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jspill

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About jspill

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  1. While there aren't any limits for tourist visas defined in law, when people run into problems - questioning at border, denial of entry etc. - it's always been when they exceed 6 months per year in Thailand. One can confidently say spending under 6 months per year on tourist visas is 0% risk, you aren't even classed as a tax resident etc. Over 6 months no one really knows, it just becomes guesswork. But the 8-9 months per year that you plan doesn't push it too far, you plan long breaks in between each stay, and will return home each year, so I'd say it's very low risk. You don't fit the profile of someone working illegally in Thailand. To make it even lower risk you could enter by land border wherever possible (e.g. train from Malaysia) as they are less strict than airports, with the possible exception of the Poipet Cambodia border. Plus carry 20k baht cash as proof of funds whenever you enter. Or just study Thai and get an Ed visa, there are lots of language schools in Chiang Mai.
  2. Miserable Studying Thai in Bangkok

    Google utorrent and install that free software. Then Google piratebay (the domain keeps changing), on there search 'Thai learning pack', you'll see a 1GB one and an 8GB one, click the magnet by the name to start downloading in utorrent.
  3. Miserable Studying Thai in Bangkok

    You can torrent a huge 8 gigabyte 'thai language pack' on the thepiratebay, just saying... a dozen ebooks including 'teach yourself thai', entire audio courses, etc. I learnt Thai that way, never had a lesson. Had an Ed visa to avoid visa runs but didn't attend classes just taught myself.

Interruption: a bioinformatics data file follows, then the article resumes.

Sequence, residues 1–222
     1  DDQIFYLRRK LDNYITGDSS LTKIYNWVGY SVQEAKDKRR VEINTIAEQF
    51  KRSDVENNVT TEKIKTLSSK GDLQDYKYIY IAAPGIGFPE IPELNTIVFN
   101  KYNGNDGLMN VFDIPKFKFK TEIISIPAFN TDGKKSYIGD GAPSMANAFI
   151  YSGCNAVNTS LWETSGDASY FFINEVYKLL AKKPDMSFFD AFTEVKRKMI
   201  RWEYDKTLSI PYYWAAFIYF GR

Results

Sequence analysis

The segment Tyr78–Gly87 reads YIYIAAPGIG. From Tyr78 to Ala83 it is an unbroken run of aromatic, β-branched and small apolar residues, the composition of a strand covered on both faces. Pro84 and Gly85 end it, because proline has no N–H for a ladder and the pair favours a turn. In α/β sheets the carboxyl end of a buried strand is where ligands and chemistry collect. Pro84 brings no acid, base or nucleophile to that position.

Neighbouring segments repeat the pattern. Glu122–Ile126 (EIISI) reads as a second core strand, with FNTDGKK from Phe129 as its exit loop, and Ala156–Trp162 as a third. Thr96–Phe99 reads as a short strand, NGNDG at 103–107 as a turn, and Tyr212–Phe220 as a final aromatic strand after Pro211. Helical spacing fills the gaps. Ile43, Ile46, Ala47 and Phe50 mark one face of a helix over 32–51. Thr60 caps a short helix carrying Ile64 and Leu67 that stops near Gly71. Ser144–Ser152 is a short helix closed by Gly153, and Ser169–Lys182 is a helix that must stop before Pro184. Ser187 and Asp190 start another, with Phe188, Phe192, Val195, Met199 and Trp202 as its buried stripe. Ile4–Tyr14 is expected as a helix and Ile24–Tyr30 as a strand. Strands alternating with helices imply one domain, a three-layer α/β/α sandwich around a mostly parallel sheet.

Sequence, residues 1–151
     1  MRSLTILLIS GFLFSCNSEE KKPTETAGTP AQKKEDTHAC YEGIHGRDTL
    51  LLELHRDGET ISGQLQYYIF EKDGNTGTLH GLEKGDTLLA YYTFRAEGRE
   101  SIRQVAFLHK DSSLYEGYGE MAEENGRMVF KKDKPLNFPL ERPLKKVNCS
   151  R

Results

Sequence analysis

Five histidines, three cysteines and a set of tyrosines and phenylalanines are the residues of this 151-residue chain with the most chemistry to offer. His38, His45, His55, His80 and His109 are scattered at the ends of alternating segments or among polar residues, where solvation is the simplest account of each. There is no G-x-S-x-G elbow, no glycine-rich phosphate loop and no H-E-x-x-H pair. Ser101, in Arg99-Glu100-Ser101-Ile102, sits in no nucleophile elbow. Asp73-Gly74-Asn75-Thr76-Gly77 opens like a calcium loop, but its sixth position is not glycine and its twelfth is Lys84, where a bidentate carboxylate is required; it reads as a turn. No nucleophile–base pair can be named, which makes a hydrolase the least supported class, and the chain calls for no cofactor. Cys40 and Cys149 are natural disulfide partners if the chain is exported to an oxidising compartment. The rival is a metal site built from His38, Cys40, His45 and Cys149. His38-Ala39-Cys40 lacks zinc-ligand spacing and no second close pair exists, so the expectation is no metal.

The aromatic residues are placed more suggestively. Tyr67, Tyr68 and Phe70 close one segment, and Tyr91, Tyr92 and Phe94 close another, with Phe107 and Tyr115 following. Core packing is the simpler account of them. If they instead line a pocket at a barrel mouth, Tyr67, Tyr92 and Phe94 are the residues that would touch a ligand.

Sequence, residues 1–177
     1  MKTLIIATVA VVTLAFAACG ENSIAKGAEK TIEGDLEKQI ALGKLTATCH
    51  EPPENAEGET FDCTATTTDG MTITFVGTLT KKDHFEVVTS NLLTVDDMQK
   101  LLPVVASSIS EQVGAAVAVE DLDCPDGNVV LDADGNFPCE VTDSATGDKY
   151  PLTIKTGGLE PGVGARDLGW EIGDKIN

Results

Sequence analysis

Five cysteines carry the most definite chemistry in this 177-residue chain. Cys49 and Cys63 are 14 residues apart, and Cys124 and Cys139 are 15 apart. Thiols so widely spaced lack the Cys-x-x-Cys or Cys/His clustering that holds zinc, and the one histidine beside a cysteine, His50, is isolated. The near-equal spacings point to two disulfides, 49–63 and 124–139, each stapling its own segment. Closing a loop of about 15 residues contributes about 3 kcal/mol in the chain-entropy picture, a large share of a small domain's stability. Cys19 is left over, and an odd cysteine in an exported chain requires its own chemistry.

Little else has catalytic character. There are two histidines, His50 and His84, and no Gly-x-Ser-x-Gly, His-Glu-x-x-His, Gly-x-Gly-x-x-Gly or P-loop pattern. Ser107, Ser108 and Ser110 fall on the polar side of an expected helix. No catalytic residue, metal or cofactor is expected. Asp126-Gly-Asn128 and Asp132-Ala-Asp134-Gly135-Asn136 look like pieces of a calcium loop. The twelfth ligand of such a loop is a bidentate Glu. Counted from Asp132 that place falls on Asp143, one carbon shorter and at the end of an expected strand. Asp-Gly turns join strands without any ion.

4. Nobody cares. I've been doing it since 2009 no issues.
  5. There is an exchange booth before immigration (but no ATMs). So even if it wasn't ok you could say ok I'll go exchange it then queue up again. But the 'official rule' is that it can be any other major currency that is generally accepted for conversion to Baht.
  6. Stay 5 Months in Thailand

    Probably not they will see you're going home pretty soon after the tourist visa, haven't been there >6 months in year last year, and won't be this year... they should just take your money and give you the tourist visa. It's Thailand you never know they make up the rules as they go along but I'd say >90% chance you'll be fine. And Thai consulates in other countries don't ask to see the return flight, they're already being anal in Switzerland by requiring one, it'd be even more anal to require one dated within 90 days.
  7. Stay 5 Months in Thailand

    Doesn't really matter that much and is obviously better than saying no or not showing them anything. It's still a return flight to your home country, yes you can only stay 3 months with tourist visa but you can leave and get a new tourist visa, and in total you will be there less than 6 months in a year, it's proof of that. As mentioned carry 20k baht too, and then there's even less chance you run into problems.